The options for repowering assume reusing part of the infrastructure from the existing wind farm to reduce the capital cost of the new one. For example, for an offshore site, most of the original subsea cables might be reused, along perhaps with the existing grid connection. The options might be to use the original tower with a new, lower capacity turbine. This may produce less electricity, but also needs less maintenance, and the tower will be less fatigued by the load as it ages. The same tower might also have a new, higher capacity turbine – producing more electricity, but the greater load may make structural integrity an issue. Or, a new tower with a new higher capacity turbine using the same site assets.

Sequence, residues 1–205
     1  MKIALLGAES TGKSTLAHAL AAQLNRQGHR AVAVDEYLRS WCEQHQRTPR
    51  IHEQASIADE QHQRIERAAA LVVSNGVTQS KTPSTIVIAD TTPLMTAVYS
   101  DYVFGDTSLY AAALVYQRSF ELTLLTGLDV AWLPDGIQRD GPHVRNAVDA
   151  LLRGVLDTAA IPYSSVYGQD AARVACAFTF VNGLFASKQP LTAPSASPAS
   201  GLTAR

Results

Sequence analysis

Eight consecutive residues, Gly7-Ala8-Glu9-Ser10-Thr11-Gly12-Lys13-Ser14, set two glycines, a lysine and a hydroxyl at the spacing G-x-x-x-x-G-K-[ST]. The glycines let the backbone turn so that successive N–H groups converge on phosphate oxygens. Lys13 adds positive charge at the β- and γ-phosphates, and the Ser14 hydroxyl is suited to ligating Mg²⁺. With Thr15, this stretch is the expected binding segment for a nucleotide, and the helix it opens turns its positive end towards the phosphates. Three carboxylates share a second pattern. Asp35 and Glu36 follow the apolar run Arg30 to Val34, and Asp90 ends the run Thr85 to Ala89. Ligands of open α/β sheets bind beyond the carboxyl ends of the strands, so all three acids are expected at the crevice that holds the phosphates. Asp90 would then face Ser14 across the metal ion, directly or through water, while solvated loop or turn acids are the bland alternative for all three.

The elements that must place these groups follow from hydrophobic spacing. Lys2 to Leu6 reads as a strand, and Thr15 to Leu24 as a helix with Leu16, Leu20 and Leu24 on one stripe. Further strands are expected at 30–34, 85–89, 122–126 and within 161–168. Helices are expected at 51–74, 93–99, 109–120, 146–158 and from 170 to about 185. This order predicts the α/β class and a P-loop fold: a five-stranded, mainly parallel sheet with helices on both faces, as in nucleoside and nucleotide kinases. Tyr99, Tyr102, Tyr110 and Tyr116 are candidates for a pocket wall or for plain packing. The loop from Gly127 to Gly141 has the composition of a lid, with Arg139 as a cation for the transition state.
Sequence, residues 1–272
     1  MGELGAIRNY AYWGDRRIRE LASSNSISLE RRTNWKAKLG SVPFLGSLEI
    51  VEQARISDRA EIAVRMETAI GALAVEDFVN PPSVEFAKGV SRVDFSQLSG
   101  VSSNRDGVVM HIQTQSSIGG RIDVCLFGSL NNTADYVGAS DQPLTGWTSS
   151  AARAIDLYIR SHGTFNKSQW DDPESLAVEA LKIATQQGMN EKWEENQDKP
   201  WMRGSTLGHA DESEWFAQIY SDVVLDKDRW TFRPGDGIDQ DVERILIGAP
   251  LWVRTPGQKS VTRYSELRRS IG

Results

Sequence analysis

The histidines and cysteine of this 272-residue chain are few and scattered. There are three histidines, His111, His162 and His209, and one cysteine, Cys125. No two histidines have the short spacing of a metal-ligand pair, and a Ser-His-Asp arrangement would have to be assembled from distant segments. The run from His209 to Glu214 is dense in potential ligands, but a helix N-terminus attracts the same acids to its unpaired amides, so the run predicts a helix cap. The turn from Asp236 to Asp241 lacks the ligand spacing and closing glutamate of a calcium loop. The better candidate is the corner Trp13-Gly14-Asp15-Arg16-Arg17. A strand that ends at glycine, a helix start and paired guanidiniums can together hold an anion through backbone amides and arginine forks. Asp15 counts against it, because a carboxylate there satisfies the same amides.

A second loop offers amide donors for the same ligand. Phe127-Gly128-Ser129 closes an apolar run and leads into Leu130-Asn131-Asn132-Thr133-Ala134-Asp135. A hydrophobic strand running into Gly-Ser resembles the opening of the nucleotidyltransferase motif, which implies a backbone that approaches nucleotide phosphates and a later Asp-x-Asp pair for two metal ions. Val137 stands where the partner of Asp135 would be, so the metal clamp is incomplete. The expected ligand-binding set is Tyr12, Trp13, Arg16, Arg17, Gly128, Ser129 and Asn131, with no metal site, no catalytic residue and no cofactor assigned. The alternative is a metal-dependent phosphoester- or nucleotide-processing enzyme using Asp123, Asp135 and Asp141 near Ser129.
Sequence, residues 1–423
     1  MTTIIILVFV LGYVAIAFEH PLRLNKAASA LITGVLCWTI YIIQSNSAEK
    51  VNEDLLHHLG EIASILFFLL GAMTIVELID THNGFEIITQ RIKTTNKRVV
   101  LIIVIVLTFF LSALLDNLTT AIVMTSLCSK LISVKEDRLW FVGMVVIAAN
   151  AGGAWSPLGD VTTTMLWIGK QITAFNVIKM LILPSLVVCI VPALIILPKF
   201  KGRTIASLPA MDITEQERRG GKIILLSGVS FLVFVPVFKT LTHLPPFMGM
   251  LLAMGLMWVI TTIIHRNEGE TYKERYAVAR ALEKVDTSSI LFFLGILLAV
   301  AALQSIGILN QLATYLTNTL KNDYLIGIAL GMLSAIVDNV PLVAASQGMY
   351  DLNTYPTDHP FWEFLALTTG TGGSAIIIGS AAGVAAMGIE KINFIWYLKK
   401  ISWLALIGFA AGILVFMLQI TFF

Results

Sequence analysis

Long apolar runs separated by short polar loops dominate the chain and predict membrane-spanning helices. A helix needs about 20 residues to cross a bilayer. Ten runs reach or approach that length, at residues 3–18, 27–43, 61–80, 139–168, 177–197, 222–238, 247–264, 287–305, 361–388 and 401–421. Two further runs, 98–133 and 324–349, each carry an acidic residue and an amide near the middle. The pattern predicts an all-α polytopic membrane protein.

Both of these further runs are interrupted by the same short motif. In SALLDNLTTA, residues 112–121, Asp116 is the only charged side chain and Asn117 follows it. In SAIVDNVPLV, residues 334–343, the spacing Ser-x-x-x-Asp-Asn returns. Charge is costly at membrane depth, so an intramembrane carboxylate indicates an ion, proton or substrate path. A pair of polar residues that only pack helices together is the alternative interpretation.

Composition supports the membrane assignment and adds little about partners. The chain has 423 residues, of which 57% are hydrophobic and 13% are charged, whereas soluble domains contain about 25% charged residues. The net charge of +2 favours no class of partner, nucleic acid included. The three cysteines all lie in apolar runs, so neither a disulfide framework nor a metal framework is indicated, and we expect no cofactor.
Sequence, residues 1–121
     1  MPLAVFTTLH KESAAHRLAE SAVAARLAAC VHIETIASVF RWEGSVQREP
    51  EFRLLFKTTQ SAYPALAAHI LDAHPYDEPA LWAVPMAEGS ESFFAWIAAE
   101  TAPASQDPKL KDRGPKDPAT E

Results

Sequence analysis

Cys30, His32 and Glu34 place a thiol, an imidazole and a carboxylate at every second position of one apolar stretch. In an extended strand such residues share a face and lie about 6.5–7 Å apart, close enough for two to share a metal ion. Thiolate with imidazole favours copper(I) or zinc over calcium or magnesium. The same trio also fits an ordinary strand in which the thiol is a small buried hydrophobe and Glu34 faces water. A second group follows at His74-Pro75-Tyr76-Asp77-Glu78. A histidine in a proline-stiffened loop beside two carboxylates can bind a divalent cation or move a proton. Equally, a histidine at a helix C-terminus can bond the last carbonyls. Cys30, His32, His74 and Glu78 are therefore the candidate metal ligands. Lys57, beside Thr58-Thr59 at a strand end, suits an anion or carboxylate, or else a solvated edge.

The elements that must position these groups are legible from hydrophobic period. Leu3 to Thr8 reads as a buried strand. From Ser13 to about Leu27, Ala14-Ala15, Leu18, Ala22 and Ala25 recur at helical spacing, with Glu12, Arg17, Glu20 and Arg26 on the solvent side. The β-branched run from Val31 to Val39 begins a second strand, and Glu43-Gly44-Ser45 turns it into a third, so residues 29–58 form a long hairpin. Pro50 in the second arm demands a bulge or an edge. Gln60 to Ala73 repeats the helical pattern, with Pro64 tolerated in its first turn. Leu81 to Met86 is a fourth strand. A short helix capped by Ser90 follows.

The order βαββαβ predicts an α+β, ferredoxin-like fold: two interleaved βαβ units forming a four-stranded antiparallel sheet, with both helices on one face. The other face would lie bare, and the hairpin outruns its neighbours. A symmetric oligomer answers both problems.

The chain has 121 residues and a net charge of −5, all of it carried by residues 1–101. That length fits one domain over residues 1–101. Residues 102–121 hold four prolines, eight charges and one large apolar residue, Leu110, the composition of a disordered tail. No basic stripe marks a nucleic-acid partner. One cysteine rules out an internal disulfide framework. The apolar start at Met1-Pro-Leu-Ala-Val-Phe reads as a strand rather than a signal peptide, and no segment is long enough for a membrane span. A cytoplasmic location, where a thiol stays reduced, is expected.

The decision on the best solution here would be based on profitability as reliability and performance decreases, the cost-benefit ratio against decommissioning the turbine totally, and the profits expectation for the life extension. However, since wind turbines tend to be in high wind sites, repowering can be lucrative. The first repowering in the UK is happening onshore imminently. RWE npower Renewables are applying it to reduce the number of turbines at the Taff Ely Wind Farm in Wales from 20 installed in 1993 to 7 higher capacity turbines which would double the output from the site each year.